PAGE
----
David Muhlbaum: Smart Tax Deductions Non-Itemizers Can Claim

Jill Weisenberger, M.S., R.D.N., C.D.E : Before You Lose Your Mental Edge

Dana Dovey: Coffee Drinkers Rejoice! Your Cup Of Joe Can Prevent Death From Liver Disease

Chris Weller: Electric 'Thinking Cap' Puts Your Brain Power Into High Gear

The Kosher Gourmet by Marlene Parrish A gift of hazelnuts keeps giving --- for a variety of nutty recipes: Entree, side, soup, dessert

April 4, 2014

Rabbi David Gutterman: The Word for Nothing Means Everything

Charles Krauthammer: Kerry's folly, Chapter 3

Amy Peterson: A life of love: How to build lasting relationships with your children

John Ericson: Older Women: Save Your Heart, Prevent Stroke Don't Drink Diet

John Ericson: Why 50 million Americans will still have spring allergies after taking meds

Cameron Huddleston: Best and Worst Buys of April 2014

Stacy Rapacon: Great Mutual Funds for Young Investors

Sarah Boesveld: Teacher keeps promise to mail thousands of former students letters written by their past selves

The Kosher Gourmet by Sharon Thompson Anyone can make a salad, you say. But can they make a great salad? (SECRETS, TESTED TECHNIQUES + 4 RECIPES, INCLUDING DRESSINGS)

April 2, 2014

Paul Greenberg: Death and joy in the spring

Dan Barry: Should South Carolina Jews be forced to maintain this chimney built by Germans serving the Nazis?

Mayra Bitsko: Save me! An alien took over my child's personality

Frank Clayton: Get happy: 20 scientifically proven happiness activities

Susan Scutti: It's Genetic! Obesity and the 'Carb Breakdown' Gene

Lecia Bushak: Why Hand Sanitizer May Actually Harm Your Health

Stacy Rapacon: Great Funds You Can Own for $500 or Less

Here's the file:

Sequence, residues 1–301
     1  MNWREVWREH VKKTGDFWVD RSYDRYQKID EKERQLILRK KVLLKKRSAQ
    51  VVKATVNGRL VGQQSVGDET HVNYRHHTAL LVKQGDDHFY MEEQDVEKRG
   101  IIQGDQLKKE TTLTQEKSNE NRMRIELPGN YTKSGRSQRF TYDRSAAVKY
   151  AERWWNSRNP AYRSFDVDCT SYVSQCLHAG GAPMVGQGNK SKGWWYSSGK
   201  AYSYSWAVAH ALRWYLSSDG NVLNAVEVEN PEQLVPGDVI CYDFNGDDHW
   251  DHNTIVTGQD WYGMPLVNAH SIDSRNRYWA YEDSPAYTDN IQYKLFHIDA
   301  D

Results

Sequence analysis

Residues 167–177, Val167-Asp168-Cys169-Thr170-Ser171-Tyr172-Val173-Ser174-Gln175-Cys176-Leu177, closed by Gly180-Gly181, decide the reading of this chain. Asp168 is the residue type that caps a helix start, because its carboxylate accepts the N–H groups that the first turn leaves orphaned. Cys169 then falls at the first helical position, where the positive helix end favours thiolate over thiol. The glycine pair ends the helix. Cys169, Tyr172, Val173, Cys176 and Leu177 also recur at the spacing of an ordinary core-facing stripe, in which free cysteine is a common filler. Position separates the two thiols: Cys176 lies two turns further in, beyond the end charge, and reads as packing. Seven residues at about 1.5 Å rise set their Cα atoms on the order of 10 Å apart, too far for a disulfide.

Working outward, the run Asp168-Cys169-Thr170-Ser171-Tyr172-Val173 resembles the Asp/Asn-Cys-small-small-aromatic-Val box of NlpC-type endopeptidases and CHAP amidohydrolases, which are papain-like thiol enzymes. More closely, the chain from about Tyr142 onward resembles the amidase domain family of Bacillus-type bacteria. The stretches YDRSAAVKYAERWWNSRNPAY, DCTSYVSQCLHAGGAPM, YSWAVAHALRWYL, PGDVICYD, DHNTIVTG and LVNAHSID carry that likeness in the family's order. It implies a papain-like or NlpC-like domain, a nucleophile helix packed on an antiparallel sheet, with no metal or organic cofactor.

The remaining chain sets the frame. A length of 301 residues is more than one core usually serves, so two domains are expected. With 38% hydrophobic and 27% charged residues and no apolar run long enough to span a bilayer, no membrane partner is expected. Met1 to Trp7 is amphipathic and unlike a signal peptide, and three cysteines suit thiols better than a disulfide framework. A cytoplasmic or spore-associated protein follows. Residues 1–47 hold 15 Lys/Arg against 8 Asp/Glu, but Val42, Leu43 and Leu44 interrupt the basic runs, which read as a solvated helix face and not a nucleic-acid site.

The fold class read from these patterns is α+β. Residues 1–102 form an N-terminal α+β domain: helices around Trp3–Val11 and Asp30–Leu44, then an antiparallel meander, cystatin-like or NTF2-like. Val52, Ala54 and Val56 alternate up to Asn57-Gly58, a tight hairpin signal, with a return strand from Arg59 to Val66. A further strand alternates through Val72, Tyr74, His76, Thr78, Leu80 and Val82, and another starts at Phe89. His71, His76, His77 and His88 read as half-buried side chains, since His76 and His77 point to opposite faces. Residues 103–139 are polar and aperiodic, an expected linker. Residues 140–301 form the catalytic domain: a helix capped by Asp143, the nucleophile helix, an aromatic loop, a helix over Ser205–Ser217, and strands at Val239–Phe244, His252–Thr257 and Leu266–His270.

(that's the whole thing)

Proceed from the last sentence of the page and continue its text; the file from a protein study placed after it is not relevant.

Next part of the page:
Cameron Huddleston: 7 Ways to Save on Home Decor

The Kosher Gourmet by Steve Petusevsky Exploring ingredients as edible-stuffed containers (TWO RECIPES + TIPS & TECHINQUES)

Jewish World Review April 9, 2007 / 21 Nissan, 5767

A job for Don Quixote

By Suzanne Fields

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http://www.JewishWorldReview.com | MADRID — When most Americans hear the word Basque they think "terrorist." It's not quite fair, but that's what many Spaniards think, too. Basque terrorists kept their bargain for a cease-fire for nine months last year, but in December they detonated a car bomb in a parking garage at Madrid's Barajas International Airport, killing two and injuring dozens.

Most Spaniards — large majorities, by the polls — blame not only the bombers, but also the prime minister, Jose Luis Rodriguez Zapatero, for coddling the terrorists, for naively taking them at their word that they would negotiate honorably while keeping their arms.

A terrorist organization called Basque Fatherland and Liberty, or ETA for short, took responsibility for the car bomb. ETA is often compared to the Irish Republican Army, but the comparison is not exact. What the two organizations have held in common is their ability to kill without conscience. ETA is a leftist, separatist group that demands an independent Basque state carved from northern Spain and southwest France. The U.S. State Department lists it as a terrorist organization. ETA has killed 800 innocents over a 40-year campaign, including four killings over the last four years, and they wield political clout well beyond their numbers.